Get ready for this week’s rebooting of the “Stark Trek” saga by revisiting the original television series. How much do you remember about Captain Kirk and his crew, whose origins we will see in the new J.J. Abrams film?
1. What is Captain Kirk’s middle name?
2. Where is he from?
3. What is the name of the adorable creatures who came on board the Enterprise as pets but later came close to causing disaster and ultimately saved the day?
4. Creator Gene Roddenberry described the show by saying it would be like what successful series but “set in space?”
5. How long is its mission supposed to last?
6. What kind of crystals are necessary for fuel?
7. What is the name of the ring that was a doorway to any time and place and where (and when) does the crew go when they materialize on Earth?
8. Why did Spock’s father marry a human?
9. What was striking about the warring factions in “Let that Be Your Last Battlefield?”
10. In “Plato’s Stepchildren,” which cast characters shared a memorable kiss?
Space may be the final frontier, but the newest MONOPOLY collector’s edition boldly goes where no one has gone before. Star Trek fans will get a chance to travel through the Star Trek Continuum and explore generations of Starfleet history. Instead of Boardwalk and Park Place, players will buy, sell and trade memorable Star Trek locations from founding Federation home worlds such as Andoria and Vulcan to other memorable worlds including Bajor, Cardassia Prime and the New Founders’ Homeworld. This quest enables all fans to experience the historic adventures of their favorite captains as they travel around the Galaxy exploring the worlds of Star Trek. Players can take a voyage around the board as one of six collectible pewter tokens including a Vulcan Harp, a Phaser, a Communicator, a Klingon Blood Wine Goblet, a Shuttlecraft, and the Captain’s Chair.
This stunning valentine to our planet’s plants and animals re-purposes some of the footage from the stunning documentary Planet Earth into a more narrative storyline, taking us through the seasons and across the globe to see nature’s eternal themes of renewal and connection. We see cooperation and nurture by parents across species. And we see the perils of the animal world as well.
The narration drags at times, mostly avoiding getting too cute but sometimes, even with the voice of James Earl Jones, sounding too much like an educational film for Social Studies classrooms. It alternates between almanac-worthy facts and figures and cozy folkish narratives about the animal families, never matching the grandeur of the visuals.
Parents should know that there are some discreet references to the life cycle and survival issues, some G-rated footage of predators (no blood), and not all of the animals make it to the end of the movie. There are also references to the consequences of climate change on the habitats of the animals.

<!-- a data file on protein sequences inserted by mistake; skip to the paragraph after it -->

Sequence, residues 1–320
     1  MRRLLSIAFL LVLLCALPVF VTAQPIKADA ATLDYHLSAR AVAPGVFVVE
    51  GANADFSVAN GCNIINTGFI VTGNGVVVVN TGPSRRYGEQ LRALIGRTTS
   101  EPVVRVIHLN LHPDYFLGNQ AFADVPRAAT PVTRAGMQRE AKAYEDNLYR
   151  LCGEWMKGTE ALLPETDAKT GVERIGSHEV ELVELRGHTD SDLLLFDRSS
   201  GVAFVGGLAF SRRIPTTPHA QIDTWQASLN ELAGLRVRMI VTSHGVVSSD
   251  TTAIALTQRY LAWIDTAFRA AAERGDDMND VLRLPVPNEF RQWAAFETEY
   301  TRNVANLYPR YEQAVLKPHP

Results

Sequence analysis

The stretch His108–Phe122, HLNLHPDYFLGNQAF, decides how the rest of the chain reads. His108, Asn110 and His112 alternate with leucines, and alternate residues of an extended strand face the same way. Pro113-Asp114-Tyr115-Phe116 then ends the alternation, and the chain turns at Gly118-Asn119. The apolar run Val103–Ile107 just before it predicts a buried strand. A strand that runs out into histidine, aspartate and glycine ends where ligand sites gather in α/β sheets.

Topics for discussion: Which of the animals are most like humans? Why?
If you like this, try: Planet Earth, Microcosmos, and Winged Migration.
It’s wonderful to watch young people falling in love for the first time. That’s why we get to see it so often in the movies. But it is even more wonderful to see people falling in love for the last time, and that is one of the three great pleasures of this touching grown-up love story.
It’s always romantic to see first love because we can share with them — just for a moment — the belief that happily ever after means that there will never be an argument or disappointment or loss. But it is even more romantic to see older people fall in love because they know there will be all of that and they go ahead anyway. That is the story of “Last Chance Harvey,” a man who has lost his job and whose daughter asks her step-father to give her away at her wedding because she feels closer to him. Which is what gives him a chance to think about what he really wants for the rest of his life — and then he sees Kate.
Not much more happens. They walk around. They dance at the daughter’s wedding reception. They think about whether they really want to take the risk of sharing themselves knowing in a way that young people cannot what it really means. And yet in those moments, everything happens, and we know it and they know it.
The other two pleasures of the film are Dustin Hoffman as Harvey and Emma Thompson as Kate. These two actors, so perfectly at home with themselves, fearlessly give us two people who are complicated, difficult, and very, very protective of their bruised hearts. And then they let us see them bloom, not all at once, more of a two steps forward, one step back opening up of their hearts to each other. And that leaves our hearts just a little more open, too.